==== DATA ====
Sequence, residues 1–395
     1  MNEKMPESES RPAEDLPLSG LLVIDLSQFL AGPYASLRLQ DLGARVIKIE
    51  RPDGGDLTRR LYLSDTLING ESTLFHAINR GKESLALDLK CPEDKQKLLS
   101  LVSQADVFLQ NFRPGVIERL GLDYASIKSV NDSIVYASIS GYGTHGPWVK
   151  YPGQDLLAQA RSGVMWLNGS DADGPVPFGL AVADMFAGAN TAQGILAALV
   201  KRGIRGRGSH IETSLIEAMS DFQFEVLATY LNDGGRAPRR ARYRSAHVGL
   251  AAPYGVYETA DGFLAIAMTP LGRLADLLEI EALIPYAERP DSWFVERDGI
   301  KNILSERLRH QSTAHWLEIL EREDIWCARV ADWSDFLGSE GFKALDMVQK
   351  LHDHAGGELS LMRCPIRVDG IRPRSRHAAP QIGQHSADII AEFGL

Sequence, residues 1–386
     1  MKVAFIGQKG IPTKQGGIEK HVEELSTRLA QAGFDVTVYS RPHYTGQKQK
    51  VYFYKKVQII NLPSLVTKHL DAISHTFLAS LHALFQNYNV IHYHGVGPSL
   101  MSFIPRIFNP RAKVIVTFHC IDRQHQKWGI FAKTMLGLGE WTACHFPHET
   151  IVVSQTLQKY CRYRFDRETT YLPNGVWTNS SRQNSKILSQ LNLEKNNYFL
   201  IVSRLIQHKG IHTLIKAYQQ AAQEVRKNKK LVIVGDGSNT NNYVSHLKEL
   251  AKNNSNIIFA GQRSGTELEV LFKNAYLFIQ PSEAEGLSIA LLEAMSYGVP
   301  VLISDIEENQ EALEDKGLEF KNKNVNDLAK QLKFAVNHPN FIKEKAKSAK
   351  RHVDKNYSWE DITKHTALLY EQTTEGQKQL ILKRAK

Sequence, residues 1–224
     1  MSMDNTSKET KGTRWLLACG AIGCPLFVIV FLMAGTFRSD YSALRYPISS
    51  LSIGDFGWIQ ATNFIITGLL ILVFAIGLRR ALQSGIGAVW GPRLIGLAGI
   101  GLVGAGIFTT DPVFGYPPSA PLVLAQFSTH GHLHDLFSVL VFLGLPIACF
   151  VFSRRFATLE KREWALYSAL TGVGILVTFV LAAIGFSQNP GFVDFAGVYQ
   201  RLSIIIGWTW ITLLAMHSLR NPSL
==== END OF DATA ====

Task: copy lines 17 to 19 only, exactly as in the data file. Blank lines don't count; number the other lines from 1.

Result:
   301  VLISDIEENQ EALEDKGLEF KNKNVNDLAK QLKFAVNHPN FIKEKAKSAK
   351  RHVDKNYSWE DITKHTALLY EQTTEGQKQL ILKRAK

Sequence, residues 1–224